Amharc ar fhreagra

Freagraí scríofa (Ceist ar Business)

Across Government Departments significant work is ongoing to ensure all necessary supports will be available to enterprise regarding a wide variety of Brexit implications. Provision in the revised estimates for financial support is a matter for my colleague the Minister for Finance and Public Expenditure and Reform.

In relation to State Aid, my Department and its agencies have been working closely with the EU Commission and DG Competition since November 2017 through the Irish/EU Technical Working Group on State Aid. The objective of the Group is to scope and design schemes to support enterprises across various sectors, impacted by Brexit in line with State Aid rules. Much has been achieved by this Working Group. It has examined and explored a range of opportunities within State Aid rules including the development of the Future Growth Loan Scheme under General Block Exemption Regulation (GBER) rules and the expansion of Ireland’s Rescue and Restructuring Scheme to include Temporary liquidity aid and to increase the budget for the Rescue & Restructuring Scheme to €200 million.

Through the mechanism of the Technical Working Group Ireland has fully utilised the provisions of the State Aid framework to enable the investment by Enterprise Ireland of €74 million in Brexit impacted businesses in 2018.

The Group is currently working closely with DG Agriculture to explore the range of opportunities under the Agriculture and Forestry State aid guidelines, and as part of this State Aid approval was received in February for capital investment by Enterprise Ireland in an Irish cheese producing company, Carbery Food Ingredients Ltd, to help the company towards financing a diversification project to mitigate the impacts of Brexit. The Group met most recently in Brussels last week.

On 24th January 2019, I met with the European Commissioner for Competition, Margrethe Vestager. The focus of the meeting centred around the severe challenges that Irish businesses will face when the UK leaves the EU and the need for appropriate and timely State supports. It was agreed that Irish officials will continue to work closely with the Commissioner's team in addressing any State aid issues that may arise to ensure a rapid and appropriate response as the ultimate shape of Brexit and its firm-level implication become known. The Commissioner emphasised that the Commission stands ready to act urgently in mitigation against the impacts of Brexit on Irish firms.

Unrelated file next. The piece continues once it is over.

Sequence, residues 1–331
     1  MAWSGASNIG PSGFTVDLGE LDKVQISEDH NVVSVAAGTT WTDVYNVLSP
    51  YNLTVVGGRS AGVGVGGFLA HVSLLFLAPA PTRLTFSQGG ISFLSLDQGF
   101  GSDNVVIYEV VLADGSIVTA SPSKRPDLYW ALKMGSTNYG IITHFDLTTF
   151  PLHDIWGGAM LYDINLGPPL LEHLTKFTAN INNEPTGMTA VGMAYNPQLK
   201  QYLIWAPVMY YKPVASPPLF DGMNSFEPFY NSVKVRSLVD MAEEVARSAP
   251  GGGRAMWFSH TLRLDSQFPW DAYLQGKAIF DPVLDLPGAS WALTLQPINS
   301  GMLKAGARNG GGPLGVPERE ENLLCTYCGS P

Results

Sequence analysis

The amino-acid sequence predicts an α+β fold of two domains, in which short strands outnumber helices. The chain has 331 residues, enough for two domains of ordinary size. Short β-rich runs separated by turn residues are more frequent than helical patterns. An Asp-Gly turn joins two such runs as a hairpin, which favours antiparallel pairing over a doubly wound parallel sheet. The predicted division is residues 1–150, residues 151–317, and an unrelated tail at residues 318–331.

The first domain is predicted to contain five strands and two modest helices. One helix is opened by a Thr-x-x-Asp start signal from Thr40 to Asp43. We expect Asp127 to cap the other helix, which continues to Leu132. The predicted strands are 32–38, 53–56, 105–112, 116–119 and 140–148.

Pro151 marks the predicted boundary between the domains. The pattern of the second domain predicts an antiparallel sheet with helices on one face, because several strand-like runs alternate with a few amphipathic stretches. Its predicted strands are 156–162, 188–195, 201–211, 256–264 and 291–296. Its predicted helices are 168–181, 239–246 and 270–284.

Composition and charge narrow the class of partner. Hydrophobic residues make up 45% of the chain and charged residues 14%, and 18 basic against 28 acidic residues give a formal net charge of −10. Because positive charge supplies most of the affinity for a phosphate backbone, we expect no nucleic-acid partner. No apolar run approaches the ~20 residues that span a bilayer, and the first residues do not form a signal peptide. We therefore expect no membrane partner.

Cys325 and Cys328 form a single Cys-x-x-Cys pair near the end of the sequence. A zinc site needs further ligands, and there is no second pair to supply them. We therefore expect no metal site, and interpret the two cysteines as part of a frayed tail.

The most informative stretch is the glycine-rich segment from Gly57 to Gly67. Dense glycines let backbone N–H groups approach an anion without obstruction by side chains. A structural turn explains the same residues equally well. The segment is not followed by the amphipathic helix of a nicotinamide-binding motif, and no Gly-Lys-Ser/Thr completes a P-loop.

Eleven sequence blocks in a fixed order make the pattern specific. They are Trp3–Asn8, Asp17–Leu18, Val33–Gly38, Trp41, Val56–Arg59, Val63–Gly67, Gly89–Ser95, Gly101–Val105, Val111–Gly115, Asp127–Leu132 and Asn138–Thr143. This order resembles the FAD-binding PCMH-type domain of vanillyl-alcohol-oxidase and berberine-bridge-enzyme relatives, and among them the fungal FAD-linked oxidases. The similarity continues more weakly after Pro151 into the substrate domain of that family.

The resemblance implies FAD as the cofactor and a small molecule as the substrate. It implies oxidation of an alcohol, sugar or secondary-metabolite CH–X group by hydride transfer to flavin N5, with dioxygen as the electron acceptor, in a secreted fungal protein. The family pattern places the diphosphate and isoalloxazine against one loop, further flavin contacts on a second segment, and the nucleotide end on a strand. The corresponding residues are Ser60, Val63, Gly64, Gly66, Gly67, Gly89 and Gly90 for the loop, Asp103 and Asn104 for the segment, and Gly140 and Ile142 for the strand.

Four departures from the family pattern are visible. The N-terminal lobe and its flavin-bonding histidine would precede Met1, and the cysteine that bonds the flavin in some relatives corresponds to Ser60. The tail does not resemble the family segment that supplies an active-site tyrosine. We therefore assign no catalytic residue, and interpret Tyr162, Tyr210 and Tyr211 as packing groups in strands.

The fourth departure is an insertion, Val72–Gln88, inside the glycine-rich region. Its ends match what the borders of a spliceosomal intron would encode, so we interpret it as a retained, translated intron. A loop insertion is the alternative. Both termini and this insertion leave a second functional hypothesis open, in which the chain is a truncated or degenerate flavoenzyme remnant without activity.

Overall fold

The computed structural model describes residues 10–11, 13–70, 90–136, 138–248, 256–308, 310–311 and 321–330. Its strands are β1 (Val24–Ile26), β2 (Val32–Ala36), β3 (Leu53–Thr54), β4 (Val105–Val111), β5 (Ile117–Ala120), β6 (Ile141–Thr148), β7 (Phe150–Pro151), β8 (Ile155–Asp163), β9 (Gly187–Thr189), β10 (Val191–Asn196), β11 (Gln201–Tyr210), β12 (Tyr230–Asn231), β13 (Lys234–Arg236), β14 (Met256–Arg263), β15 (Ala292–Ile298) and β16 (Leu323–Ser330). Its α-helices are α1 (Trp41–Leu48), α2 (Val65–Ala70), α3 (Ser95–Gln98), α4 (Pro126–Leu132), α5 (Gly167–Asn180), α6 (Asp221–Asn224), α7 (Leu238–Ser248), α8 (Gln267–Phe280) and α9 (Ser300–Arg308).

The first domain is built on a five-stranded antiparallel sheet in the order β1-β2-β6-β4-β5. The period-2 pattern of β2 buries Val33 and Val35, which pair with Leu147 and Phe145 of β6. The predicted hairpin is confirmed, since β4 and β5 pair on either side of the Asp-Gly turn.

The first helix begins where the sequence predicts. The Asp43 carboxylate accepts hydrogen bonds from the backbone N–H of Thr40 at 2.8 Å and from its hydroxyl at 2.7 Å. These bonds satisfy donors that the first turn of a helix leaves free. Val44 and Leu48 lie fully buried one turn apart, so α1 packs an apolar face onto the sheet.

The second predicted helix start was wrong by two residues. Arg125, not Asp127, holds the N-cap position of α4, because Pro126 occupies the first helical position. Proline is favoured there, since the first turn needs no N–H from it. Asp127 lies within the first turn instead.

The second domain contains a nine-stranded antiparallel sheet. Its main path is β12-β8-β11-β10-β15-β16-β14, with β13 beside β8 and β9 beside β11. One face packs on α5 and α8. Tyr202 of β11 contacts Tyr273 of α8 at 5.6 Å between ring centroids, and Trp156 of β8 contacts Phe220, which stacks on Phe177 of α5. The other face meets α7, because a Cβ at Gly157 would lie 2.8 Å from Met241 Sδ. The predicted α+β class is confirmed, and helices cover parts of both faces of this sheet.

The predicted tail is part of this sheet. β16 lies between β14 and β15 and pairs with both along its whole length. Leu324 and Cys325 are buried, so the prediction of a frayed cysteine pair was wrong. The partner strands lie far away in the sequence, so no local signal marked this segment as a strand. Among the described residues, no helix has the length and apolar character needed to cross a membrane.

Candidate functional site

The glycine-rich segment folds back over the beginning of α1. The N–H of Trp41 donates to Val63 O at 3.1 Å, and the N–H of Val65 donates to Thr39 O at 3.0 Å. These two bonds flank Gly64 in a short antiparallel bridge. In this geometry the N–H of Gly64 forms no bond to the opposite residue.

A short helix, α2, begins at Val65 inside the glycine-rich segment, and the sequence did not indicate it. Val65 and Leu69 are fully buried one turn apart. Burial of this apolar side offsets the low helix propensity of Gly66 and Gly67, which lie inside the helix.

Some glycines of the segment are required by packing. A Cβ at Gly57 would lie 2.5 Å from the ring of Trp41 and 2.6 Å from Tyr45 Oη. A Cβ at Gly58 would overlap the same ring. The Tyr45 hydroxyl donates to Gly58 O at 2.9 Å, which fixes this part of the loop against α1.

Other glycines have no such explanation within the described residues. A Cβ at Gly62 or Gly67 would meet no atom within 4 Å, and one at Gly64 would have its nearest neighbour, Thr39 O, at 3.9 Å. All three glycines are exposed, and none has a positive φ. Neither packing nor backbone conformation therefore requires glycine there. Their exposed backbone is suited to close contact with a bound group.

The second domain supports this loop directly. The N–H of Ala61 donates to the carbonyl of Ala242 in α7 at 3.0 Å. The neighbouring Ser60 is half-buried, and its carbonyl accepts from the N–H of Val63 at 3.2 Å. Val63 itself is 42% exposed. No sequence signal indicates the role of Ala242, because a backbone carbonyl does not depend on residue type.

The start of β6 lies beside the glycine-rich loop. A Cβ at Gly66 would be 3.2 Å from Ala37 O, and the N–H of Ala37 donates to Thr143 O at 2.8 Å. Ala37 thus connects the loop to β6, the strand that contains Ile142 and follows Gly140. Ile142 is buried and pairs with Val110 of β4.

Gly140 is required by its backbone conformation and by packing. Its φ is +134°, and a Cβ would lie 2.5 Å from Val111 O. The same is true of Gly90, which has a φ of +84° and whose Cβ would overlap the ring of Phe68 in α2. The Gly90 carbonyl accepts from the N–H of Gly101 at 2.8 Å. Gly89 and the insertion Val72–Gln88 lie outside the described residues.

Regional Development Policy

Ceisteanna (18)

James Browne

Ceist:

18. Deputy James Browne asked the Minister for Business, Enterprise and Innovation her plans to address the need for additional jobs and greater investment in County Wexford; and if she will make a statement on the matter. [10958/19]

Amharc ar fhreagra

Freagraí scríofa (Ceist ar Business)

My Department and its agencies are working towards ambitious targets to ensure that employment and investment are spread as evenly as possible across the country. I am firmly focused on delivering on the Programme for a Partnership Government target, to create 200,000 new jobs by 2020, with 135,000 of these jobs to be located outside of Dublin.

Co. Wexford forms part of the South-East region and later this month I will be launching a new Regional Enterprise Plan to 2020 for the South East. Building on the previous Regional Action Plan for Jobs 2015 to 2017, the new Plan targets a 10-15 percent growth in employment over the period to 2020 and to ensure that unemployment reduces to within at least one percentage point of the State average.

Since commencing the Regional Action Plan for Jobs in 2015, very good progress has been made on job creation in the South-East region, with 18,500 more people in employment in the region from Q1 2015 (baseline year) to Q4 2018. The unemployment rate in the South-East Region at Q4 2018 stands at 7.7 percent, down from 11.7 percent in Q1 2015.

There are 19 IDA client companies located in County Wexford employing a total of 3,139 people there. I am pleased that these companies have exhibited strong growth in recent years, as evidenced by the 5% increase in IDA supported employment in the County from 2017 to 2018.

More broadly, the energy and resources we have invested into regional growth is, as the evidence illustrates, now helping produce results. In 2018, for example, the IDA delivered 113 regional investments with 56% of net new jobs created outside Dublin. The last four years have seen 44,500 new FDI jobs created outside the capital.

In terms of recent announcements, in November 2018 Bausch Healthcare announced an additional 100 new jobs in Waterford, MSD announced 170 new jobs in Carlow in October 2018 and Indos Financial announced in July that it will expand its operations centre in Enniscorthy with a move to new premises which will create up to 15 new roles over the next two years.

Looking ahead, the IDA will continue to work with its clients to identify opportunities for new investment or expansion in Wexford and the broader South-East region. In doing so, the Agency will draw the attention of investors to the region's strengths including its ports and existing clusters of financial services, technology and high-value manufacturing firms.

Enterprise Ireland client companies based in Wexford created 200 new jobs in 2018, bringing total employment by Enterprise Ireland clients to 4,674 while direct payments to client companies in the county increased from €2.1 million in 2017 to €4.7 million in 2018.